Tuesday saw the remarkable action of Manhattan District Attorney Alvin Bragg filing a lawsuit against Rep. Jim Jordan to stop what he claims is a “transparent campaign of intimidation and attack” over his indictment of former President Donald Trump.
As part of a probe into Bragg’s handling of the case—the first criminal prosecution of a former U.S. president—Jordan, the Republican who chairs the Judiciary Committee, has issued or plans to issue subpoenas, according to Bragg, a Democrat.
After weeks of letters and media announcements, Bragg filed a lawsuit to stop what it calls a “constitutionally harmful fishing expedition” that poses a danger to the sovereignty of the United States.
The lawsuit asserts that Congress lacks the legal authority to “oversee, much less disrupt, ongoing state law criminal matters” due to the lack of such power in the Constitution.
This is because Congress “lacks any valid legislative purpose to engage in a free-ranging campaign of harassment in retaliation for the District Attorney’s investigation and prosecution of Mr. Trump under the laws of New York.”
The following was Jordan’s comment on Twitter on Tuesday: “First, they indict a president for no crime. After we inquired about the alleged usage of federal monies, they then filed a lawsuit to prevent congressional monitoring.
Mark Pomerantz, a former prosecutor who previously oversaw the Trump investigation and sparred with Bragg over the probe’s course before leaving his position last year, has now been subpoenaed by the Judiciary Committee to testify.
Also, the committee has asked Bragg and his office for records and testimony. Bragg turned down these petitions.
Monday’s hearing in Manhattan by the House Judiciary Committee will focus on crime in the Big Apple and what it claims are Bragg’s “pro-crime, anti-victim” policies. But, the D.A.’s office cites data indicating a decline in violent crime in Manhattan since Bragg assumed office in January 2022.
Bragg replied that if Ohio native Jordan “truly cared about public safety,” he would travel.
Theodore Boutrous, a well-known First Amendment attorney who has also defended Mary Trump, the estranged niece of Donald Trump, in court disputes with her famous uncle, is representing Bragg in the complaint.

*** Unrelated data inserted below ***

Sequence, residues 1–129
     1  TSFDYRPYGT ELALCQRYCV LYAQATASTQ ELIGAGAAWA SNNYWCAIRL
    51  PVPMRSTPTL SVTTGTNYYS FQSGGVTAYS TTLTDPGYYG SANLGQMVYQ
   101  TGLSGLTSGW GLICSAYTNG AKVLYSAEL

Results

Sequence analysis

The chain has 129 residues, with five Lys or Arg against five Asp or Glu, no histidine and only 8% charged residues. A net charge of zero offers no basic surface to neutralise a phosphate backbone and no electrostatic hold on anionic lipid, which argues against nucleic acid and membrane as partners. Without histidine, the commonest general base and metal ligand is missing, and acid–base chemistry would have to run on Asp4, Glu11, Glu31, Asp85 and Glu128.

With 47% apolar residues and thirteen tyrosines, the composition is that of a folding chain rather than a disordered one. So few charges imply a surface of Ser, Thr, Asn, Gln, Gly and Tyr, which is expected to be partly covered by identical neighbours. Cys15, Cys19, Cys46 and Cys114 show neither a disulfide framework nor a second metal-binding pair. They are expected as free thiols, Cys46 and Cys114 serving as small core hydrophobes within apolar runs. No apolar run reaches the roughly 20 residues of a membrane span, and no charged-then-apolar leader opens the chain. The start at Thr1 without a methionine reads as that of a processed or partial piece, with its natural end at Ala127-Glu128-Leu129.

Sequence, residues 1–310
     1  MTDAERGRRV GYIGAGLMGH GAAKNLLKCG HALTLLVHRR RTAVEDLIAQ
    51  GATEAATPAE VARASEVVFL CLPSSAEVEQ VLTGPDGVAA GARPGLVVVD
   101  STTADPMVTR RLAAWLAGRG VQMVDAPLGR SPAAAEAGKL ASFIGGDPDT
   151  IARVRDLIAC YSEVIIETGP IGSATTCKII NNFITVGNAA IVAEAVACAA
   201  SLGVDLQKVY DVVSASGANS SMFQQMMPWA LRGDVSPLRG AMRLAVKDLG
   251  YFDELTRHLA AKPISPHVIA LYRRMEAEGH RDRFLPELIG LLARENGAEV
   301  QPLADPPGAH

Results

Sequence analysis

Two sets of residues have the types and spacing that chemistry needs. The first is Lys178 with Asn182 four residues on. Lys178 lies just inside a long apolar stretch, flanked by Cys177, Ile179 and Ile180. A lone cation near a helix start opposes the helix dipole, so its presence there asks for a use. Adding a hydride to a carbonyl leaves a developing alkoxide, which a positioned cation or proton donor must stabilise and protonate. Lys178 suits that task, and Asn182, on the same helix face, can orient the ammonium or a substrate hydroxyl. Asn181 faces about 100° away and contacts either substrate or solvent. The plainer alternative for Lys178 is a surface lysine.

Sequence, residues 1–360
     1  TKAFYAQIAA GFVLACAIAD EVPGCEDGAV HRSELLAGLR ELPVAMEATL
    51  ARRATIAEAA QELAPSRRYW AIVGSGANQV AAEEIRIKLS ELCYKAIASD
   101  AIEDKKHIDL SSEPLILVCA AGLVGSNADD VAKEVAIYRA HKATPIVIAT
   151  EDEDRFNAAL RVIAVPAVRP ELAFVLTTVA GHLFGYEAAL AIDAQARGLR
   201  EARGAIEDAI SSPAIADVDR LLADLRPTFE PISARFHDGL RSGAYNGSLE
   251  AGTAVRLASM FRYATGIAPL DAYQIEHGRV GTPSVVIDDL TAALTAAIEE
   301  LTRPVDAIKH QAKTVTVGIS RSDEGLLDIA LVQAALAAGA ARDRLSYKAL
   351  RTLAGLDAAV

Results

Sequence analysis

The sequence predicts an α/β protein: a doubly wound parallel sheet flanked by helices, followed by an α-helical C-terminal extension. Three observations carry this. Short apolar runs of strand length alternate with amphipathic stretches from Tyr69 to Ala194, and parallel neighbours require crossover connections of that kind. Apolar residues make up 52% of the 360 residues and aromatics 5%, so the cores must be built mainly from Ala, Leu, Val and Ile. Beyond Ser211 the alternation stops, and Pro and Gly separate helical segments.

The U.S. has been given the case. Trump appointed District Judge Mary Kay Vyskocil, who formerly presided over the federal bankruptcy court.
According to Bragg’s lawsuit, he is suing “in reaction to an unprecedentedly brazen and unconstitutional onslaught by members of Congress on an ongoing New York State criminal prosecution and investigation of former President Donald J. Trump.”
Trump was charged with 34 felonies on March 30 for allegedly manipulating business records in connection with hush-money payments made during the 2016 campaign to disprove claims that he had extramarital affairs.
Even before Trump was charged, Conservatives were bashing Bragg.
Jordan has sent numerous letters and subpoenas to those connected to the investigation. Under Bragg’s direction, Pomerantz declined to voluntarily assist the committee’s request last month, citing the ongoing inquiry.
Jordan believes that Pomerantz and Carey Dunne, two of the top deputies overseeing the investigation daily, were the impetus behind Bragg’s choice to proceed with the hush money case.
The already precarious battle over the extent and boundaries of congressional oversight authorities enters uncharted territory due to Bragg’s complaint.
House Republicans have maintained that Congress has direct jurisdiction over the Manhattan case since it includes campaign money and what the prosecution claims were a plot to taint the 2016 race.
Many had anticipated Jordan would have summoned Bragg by now, but the cruel back and forth between the two elected leaders has reached a breaking point. Jordan’s committee has been pressing its case against Bragg in recent weeks, but a legal battle over a subpoena could halt its progress and heighten Democratic charges that the panel is engaging in political games rather than debating essential problems.